An ethical dilemma is when an incident arises that causes you to question how you should react based on your beliefs and deciding how to choose between right and wrong.
Sometimes, an ethical dilemma might be easily solved once you have had a bit of time to think about it but in other cases, it might not be as easy.
Perhaps you have been put into a bad position where you need to make a decision that will most likely have consequences regardless of what you decide.
An example of an ethical dilemma is when a salesperson is guaranteed to make a big sale if they offer a kickback (ie. an illegal payment) to someone.
If they agree to the kickback, they get the sale but risk getting caught and getting into big trouble.
If they don’t agree to the kickback, they don’t get the sale and might end up looking bad in the eyes of their employer.
Also, should they even tell their employer about the situation or should they simply make a decision and live with the consequences?
Clearly, this is an ethical dilemma and although it’s easy to say you would do the right thing, when you are actually in such a position and are feeling pressure to act, you might not always be able to think as clearly as you would otherwise like to think you would.
Depending on the situation, how you react to an ethical dilemma might differ but at the end of the day, here are some things to keep in mind:
- Use common sense. If it’s clearly wrong or illegal, you know the consequences of doing something that could cost you dearly.
- Don’t let your self-interest get in the way and allow it to cloud your judgment. A short-term gain could be a long-term pain if you make the wrong decision and get caught.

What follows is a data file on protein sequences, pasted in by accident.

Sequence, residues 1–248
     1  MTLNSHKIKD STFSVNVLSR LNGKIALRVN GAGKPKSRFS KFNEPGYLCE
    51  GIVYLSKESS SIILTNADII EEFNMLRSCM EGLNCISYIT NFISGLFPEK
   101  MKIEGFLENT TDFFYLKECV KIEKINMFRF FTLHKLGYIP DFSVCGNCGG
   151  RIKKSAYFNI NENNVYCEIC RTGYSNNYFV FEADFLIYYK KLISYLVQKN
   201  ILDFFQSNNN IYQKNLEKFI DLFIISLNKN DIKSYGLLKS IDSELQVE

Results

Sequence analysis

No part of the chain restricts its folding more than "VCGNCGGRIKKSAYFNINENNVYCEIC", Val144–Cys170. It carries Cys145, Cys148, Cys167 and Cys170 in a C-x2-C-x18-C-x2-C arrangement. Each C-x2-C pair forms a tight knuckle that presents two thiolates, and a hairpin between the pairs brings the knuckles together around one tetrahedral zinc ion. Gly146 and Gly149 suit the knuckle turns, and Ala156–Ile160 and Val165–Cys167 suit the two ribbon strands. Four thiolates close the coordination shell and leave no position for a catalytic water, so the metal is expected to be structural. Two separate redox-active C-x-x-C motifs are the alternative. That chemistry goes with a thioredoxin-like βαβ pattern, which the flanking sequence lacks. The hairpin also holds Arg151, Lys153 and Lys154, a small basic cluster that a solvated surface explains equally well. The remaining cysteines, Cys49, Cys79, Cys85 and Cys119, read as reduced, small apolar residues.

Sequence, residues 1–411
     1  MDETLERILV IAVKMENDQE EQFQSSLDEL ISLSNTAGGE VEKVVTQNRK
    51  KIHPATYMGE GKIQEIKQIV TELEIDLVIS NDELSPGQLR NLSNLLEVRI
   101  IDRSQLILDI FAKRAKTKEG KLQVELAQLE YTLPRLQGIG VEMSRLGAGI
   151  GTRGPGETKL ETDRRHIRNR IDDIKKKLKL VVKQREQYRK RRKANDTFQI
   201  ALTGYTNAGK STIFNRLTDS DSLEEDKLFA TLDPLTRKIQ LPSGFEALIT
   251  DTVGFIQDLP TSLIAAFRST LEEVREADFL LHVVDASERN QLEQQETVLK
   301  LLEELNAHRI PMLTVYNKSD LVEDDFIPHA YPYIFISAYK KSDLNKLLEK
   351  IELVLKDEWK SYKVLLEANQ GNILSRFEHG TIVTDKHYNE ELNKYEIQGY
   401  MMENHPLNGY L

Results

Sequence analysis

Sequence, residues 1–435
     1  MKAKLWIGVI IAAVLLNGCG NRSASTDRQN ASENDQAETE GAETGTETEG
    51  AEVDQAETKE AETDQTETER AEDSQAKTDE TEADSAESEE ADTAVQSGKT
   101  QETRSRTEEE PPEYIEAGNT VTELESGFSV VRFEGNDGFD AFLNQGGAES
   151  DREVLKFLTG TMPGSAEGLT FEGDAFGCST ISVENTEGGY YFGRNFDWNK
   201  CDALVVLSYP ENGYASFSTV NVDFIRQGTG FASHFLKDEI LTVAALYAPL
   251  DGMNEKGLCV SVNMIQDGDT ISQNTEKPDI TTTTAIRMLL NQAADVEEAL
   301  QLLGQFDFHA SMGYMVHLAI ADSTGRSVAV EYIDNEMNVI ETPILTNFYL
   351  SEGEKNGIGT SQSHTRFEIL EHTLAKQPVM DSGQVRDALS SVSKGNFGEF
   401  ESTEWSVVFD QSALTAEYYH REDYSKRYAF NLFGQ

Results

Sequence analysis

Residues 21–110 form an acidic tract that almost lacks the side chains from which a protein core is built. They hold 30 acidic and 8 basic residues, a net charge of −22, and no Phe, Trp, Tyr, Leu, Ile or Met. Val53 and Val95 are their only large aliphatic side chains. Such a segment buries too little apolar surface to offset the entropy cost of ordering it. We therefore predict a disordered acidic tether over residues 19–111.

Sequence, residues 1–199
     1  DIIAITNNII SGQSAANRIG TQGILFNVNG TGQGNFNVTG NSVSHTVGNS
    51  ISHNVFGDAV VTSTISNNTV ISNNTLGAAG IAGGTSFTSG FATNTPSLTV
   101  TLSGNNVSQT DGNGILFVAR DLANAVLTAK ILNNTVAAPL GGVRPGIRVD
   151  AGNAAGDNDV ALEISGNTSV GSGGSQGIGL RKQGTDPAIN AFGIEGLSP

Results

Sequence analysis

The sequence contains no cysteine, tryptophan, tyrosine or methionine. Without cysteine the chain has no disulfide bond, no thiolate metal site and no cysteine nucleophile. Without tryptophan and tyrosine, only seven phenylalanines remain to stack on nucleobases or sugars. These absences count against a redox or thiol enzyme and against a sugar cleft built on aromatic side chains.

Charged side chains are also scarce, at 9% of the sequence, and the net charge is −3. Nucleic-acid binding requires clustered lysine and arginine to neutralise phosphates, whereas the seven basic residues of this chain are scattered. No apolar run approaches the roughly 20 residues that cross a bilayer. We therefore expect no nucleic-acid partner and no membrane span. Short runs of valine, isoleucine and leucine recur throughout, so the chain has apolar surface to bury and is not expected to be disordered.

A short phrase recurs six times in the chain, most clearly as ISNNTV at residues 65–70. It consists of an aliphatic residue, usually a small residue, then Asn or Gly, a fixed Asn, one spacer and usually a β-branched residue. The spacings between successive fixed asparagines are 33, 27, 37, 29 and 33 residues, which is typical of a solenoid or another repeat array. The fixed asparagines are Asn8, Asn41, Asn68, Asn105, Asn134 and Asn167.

- Don’t assume that your employer will back you up if you do something wrong and get caught. Referring to the above example of the kickback, don’t assume that if you decide to pay the kickback that this is what your employer would approve of. If you acted alone and get caught, don’t expect your employer to defend you because they may distance themselves from you to avoid further embarrassment or legal trouble.
- Don’t risk your credibility. It can take many good deeds to build credibility but only one seemingly simple indiscretion for it to vanish.
Where possible, try to speak with your manager or someone else you trust when in doubt especially if the decision you have to make affects the company. Don’t assume your employer will tolerate you doing something wrong even if it benefits them.
Remember to treat others as you’d expect to be treated and don’t do anything wrong in anticipation of a short-term gain that could end up costing you in the long-term.
Carl Mueller is an Internet entrepreneur and professional recruiter who wants to help you find your dream career.
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